How to protect your assets from nursing home costs

If you're concerned about how to protect your assets from nursing home costs, you're at an advantage if you can plan at least five years out. But there are other things you can do if a nursing home is in your immediate future, too.

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by Sandra Beckwith
updated May 11, 2023 ·  3min read

I didn't realize just how much nursing home care threatened personal assets until my mother was admitted to a nursing home after being hospitalized for an accident at home.

I immediately applied for Medicaid on her behalf. Medicaid is the government assistance program that pays for nursing home care for people who meet the program's financial eligibility requirements.

Mom qualified after I pre-paid funeral costs to reduce her assets, but the finances are much more complicated when you have wealth. And, considering the high monthly cost of a semi-private nursing home, you can see how quickly your savings will disappear should you need nursing home care.

With that in mind, here's how to protect your assets from nursing home costs.

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Purchase long-term care insurance

Long-term care insurance covers nursing homes, assisted living, adult day cares, or home health care for people who have a chronic illness or a condition that makes them unable to perform daily living activities such as dressing or bathing themselves.

There's a price for that coverage, though. "The cost of long-term care insurance has gone up dramatically and many people hesitate to purchase a product which is available if they need it, but much like term life insurance, has no cash value if they do not need to go into a nursing home," says elder law attorney Steven Weisman.

When purchasing this protection, keep in mind that the American Association for Long-Term Care Insurance reports that 30% of nursing home residents are institutionalized for one to three years. Only 12% reside in a facility for three to five years, and another 12% live there for five years or more.

Purchase a Medicaid-compliant annuity

Medicaid-compliant annuity is relevant when there's a spouse who isn't institutionalized. When properly structured, it's a way to "spend down" and reduce the income Medicaid considers when deciding if you qualify for that assistance. People tend to make this purchase when they're in a last-minute or crisis Medicaid planning situation, notes Shawn Plummer, CEO of The Annuity Expert.

"Annuity purchasers are effectively giving a lump sum of money to an annuity company in exchange for equal amounts of monthly payments to a healthy spouse while the other unhealthy spouse is receiving medical assistance subsidized by Medicaid," he explains.

Form a life estate

Some of the strategies that can help protect your assets require advance planning—as in, at least five years before you'll need nursing home care. That's because the Medicaid system has a five-year "look-back" period that's designed to keep applicants from giving assets away or selling them at less than fair market value in order to qualify.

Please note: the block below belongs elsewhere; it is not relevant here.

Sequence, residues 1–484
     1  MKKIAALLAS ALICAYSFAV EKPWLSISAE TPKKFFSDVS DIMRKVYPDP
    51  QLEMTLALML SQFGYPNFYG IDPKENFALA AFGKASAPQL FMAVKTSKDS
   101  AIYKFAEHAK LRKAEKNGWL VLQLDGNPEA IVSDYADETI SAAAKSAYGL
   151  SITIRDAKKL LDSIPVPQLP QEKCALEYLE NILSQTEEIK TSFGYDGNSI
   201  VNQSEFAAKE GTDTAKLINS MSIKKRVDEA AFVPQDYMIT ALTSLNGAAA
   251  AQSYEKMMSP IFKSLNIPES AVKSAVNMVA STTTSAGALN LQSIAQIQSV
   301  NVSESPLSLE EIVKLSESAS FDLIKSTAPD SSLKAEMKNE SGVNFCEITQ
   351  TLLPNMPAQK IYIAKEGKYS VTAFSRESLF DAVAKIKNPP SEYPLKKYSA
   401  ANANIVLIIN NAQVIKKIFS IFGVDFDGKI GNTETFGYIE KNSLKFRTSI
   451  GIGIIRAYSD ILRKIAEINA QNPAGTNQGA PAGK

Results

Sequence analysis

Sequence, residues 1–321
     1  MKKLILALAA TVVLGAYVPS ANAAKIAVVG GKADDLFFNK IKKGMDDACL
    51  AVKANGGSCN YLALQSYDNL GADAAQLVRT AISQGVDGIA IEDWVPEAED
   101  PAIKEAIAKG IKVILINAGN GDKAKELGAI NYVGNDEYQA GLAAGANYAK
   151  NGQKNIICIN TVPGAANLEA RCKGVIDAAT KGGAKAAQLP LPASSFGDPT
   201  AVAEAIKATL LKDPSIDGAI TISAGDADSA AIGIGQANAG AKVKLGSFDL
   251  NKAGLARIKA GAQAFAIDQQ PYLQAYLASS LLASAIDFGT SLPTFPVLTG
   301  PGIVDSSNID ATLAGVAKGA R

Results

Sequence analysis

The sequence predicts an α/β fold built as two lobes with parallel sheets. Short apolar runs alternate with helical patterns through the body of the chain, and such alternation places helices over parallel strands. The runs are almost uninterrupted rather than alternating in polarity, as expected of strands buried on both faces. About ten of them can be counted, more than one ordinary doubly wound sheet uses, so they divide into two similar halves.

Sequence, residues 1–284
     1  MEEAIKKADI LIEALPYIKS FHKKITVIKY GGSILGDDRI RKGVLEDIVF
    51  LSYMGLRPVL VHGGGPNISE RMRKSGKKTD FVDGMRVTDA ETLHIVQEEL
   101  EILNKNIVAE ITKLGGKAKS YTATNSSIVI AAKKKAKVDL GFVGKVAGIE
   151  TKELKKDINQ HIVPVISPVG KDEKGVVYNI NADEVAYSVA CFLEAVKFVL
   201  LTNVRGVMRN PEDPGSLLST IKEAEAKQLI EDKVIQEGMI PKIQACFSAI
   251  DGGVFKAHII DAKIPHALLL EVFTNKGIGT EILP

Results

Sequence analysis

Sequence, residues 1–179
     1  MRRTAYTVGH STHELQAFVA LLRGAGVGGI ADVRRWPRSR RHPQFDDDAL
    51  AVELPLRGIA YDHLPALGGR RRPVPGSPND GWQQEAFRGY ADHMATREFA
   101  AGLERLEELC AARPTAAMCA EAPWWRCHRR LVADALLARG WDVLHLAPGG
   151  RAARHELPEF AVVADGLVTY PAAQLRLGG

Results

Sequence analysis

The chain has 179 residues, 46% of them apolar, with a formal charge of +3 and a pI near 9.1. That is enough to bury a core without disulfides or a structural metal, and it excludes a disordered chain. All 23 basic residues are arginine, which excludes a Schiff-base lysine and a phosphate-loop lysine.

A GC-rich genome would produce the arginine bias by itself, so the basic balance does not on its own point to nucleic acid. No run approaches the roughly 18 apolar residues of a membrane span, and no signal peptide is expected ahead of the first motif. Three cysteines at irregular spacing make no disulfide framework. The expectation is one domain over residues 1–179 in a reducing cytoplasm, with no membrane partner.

That look-back period applies to the life estate strategy, which allows a homeowner to keep a house until they die, even if death occurs in a nursing home.

With a life estate, "The home passes to the 'remainderman,' who is the person listed on the deed as the person to inherit the property upon the death of the 'life tenant,'" says Weisman. He adds that it differs from a joint tenancy in that until the homeowner dies, the "remainderman" has no interest in the property.

Put your assets in an irrevocable trust

An irrevocable trust is a legal entity that holds your assets and designates beneficiaries—but doesn't allow you to make changes or cancel the trust except under certain circumstances.

"Assets placed in the trust are legally no longer yours, and you must name an independent trustee," says Certified Estate Planner Chuck Czajka, founder of Macro Money Concepts. Because the trust owns the assets, not you, the assets aren't counted as a resource toward Medicaid eligibility.

Start saving statements and receipts

If you want to protect assets from nursing home costs, don't wait to take action because of that Medicaid look-back period. In addition, the documentation required for spending during that period means you will need to keep bank records and receipts for large expenses, including financial gifts. My mom wasn't wealthy, but she was informed, and she had all the paperwork waiting for me.

Finally, be certain to consult an elder law or estate planning attorney. They will help you understand the best options and strategies for your life stage and assets.

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Sandra Beckwith

About the Author

Sandra Beckwith

Sandra Beckwith has been writing for traditional and online publications since she sold her first magazine article while… Read more

This portion of the site is for informational purposes only. The content is not legal advice. The statements and opinions are the expression of the author, not LegalZoom, and have not been evaluated by LegalZoom for accuracy, completeness, or changes in the law.